Categories: christianity, conference on faith and history, conferences, fides et historia, professional announcements, public history, writing history
Posted by Randall
Posted by Randall
The CFH's 29th Biennial Conferences will be September 24-25 (Student Research Conference) and September 25-27 (Fall Conference) at Pepperdine University in Malibu CA. The conference theme will be "Christian Historians and Their Publics," and the general program chair is Jay Green, Covenant College TN. What follows are the calls for papers for both conferences.
CALL FOR PAPERS
2014 CFH Undergraduate Student Conference
September 24-25, 2014
The Fall 2014 Biennial Meeting of the Conference on Faith and History at Pepperdine University in beautiful Malibu, California, will be preceded by a two-day Undergraduate Student Conference, the 24th and 25th of September. The theme of the conference is "Christian Historians and Their Publics," but papers on any topic will be considered. See Facebook page for further information: here.
The deadline for undergraduate proposals is April 15, 2014. Individual undergraduate paper or complete session (preferable) proposals may be sent to either:
Bryan Lamkin, Department of History and Political Science, Azusa Pacific University, firstname.lastname@example.org or
Brad Hale, Department of History and Political Science, Azusa Pacific University, email@example.com
Graduate students are invited to participate as chairs of the breakout sessions on Friday, September 25. Anyone interested in participating is asked to email Mary Sanders, Graduate Student Representative to the Conference on Faith and History (firstname.lastname@example.org).
CALL FOR PAPERS
2014 CFH Biennial Conference
September 25-27, 2014
The General CFH Conference chair, Jay Green, has issued a call for papers for the 2014 CFH Biennial Fall Conference. The deadline for submission is March 15, 2014. A color poster of the call can be downloaded here.
Prof. Green writes: Contemporary historians have a somewhat complicated relationship with "the public." We long to have "public" audiences who will be challenged and shaped by our work, but most of us tend to produce highly specialized scholarship and write primarily for other scholars. When we do address the public, our often "myth-busting" strategies can come across as patronizing, contemptuous, and even politically motivated. As historians, who are our "publics"? And what responsibilities, if any, do we owe them? Are their public venues for historical understanding that we should be exploring? Does our peculiar identity as Christians have any bearing on the publics we address, what we have to say, or how we say it? Are there Christian ways of thinking about and doing public history? Is there a Christian public for our work as historians?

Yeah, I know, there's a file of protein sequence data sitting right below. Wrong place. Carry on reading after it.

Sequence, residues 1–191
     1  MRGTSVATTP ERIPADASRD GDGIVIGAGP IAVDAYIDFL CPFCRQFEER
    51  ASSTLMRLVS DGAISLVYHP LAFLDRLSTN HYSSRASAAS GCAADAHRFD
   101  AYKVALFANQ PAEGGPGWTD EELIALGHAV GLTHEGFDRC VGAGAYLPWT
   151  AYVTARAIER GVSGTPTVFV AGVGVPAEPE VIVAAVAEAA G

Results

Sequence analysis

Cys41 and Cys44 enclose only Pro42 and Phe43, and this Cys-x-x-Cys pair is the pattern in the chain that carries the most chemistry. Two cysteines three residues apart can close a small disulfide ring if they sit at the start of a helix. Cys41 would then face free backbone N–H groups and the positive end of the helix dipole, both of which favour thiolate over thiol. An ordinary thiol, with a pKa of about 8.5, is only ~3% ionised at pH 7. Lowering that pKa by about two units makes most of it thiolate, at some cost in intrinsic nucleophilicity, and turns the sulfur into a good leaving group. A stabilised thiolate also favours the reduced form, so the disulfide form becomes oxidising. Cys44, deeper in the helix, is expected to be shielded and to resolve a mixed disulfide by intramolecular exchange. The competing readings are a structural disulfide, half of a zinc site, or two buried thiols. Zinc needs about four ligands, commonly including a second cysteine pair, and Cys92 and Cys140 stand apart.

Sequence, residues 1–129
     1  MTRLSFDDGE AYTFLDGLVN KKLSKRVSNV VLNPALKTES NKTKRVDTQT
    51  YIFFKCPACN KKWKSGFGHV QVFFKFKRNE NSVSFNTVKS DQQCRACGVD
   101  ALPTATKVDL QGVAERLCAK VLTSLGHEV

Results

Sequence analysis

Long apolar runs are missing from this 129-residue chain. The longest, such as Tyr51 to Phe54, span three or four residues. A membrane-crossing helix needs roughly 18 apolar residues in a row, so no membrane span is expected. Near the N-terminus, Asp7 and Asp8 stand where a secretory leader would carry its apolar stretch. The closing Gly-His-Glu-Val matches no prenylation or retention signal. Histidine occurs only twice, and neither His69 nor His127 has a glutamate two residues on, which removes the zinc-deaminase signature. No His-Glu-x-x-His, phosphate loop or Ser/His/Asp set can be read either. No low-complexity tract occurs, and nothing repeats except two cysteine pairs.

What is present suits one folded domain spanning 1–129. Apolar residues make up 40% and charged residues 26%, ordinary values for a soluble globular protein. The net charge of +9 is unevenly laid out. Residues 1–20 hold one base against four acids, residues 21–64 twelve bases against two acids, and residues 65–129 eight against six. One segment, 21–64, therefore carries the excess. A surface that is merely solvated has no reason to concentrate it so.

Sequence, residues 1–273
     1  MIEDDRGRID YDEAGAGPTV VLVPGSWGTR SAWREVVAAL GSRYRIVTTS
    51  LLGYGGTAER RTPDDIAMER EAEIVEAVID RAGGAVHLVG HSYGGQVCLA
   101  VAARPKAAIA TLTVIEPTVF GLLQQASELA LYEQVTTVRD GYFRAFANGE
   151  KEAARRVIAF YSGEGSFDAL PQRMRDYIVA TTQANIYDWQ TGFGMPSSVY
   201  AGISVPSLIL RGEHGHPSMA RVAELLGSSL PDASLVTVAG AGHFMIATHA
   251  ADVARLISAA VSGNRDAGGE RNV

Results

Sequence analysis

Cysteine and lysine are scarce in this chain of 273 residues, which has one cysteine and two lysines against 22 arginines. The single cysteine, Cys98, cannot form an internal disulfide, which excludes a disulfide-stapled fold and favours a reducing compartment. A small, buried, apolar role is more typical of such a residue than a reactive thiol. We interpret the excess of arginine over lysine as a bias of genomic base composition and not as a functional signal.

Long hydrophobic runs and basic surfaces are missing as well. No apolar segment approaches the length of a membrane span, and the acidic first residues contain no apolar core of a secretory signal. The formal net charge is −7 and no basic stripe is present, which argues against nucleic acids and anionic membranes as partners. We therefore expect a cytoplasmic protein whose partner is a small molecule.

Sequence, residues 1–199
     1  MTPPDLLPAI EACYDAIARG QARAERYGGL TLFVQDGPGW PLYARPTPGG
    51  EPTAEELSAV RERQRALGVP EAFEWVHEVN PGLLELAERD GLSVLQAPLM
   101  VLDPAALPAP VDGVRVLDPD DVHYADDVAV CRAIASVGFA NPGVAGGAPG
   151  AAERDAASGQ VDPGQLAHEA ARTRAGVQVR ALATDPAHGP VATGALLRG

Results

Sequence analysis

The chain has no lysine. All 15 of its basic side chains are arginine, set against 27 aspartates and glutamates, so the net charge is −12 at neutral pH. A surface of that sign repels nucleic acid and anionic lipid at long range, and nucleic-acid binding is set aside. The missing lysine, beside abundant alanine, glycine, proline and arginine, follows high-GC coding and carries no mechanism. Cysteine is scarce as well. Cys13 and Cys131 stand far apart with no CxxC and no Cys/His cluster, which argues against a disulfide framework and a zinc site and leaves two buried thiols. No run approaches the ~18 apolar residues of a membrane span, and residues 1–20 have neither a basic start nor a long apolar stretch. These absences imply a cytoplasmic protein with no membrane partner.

The Fall 2014 Biennial Meeting of the Conference on Faith and History will gather at Pepperdine University in beautiful Malibu, California, to explore these and many other questions related to Christian Historians and Their Publics.
Here is a non-exhaustive list of some ideas you may want to consider for paper, panels, and plenary sessions:
Christian Historians' Vocational Responsibility to the Church
Should Historians Seek a Public Platform? Why or Why Not?
Historical Thinking among Ordinary Christians
The Status and Quality of Popular History Written for Christian Audiences
Responding to Popular Christian Social Memory
What Professional Christian Historians have to Learn from "the Faithful"
Historians and Social Media
The Undergraduate Class as a Public
Historians and the Status of "The Evangelical Mind"
The Encounter between "Popular" and "Professional" Christian Historians
The Christian Historian as Public Intellectual
Christian Museums and Historic Sites
Writing Institutional Histories
Writing Congregational Histories
Writing Local History
Writing School Curricula
Negotiating Professional Convictions and Public Needs/Tastes/Assumptions
Christians in Public History
Christian Faith and Advocacy History
Christian Historians in Government Service
Invitations to the Local "Rotary Club"
Responding to History-themed Films
History as Entertainment/Pastime
The Challenges of Giving "Historical Context" to Contemporary Issues
Historical Authority in Public
The Historian as Expert Witness
The Historian as Political Activist
The Historian as Journalist/Pundit
The Historian as Wikipedian
If you have ideas for plenary speakers, sessions, or individual papers, please send them to Jay Green (email@example.com) at Covenant College.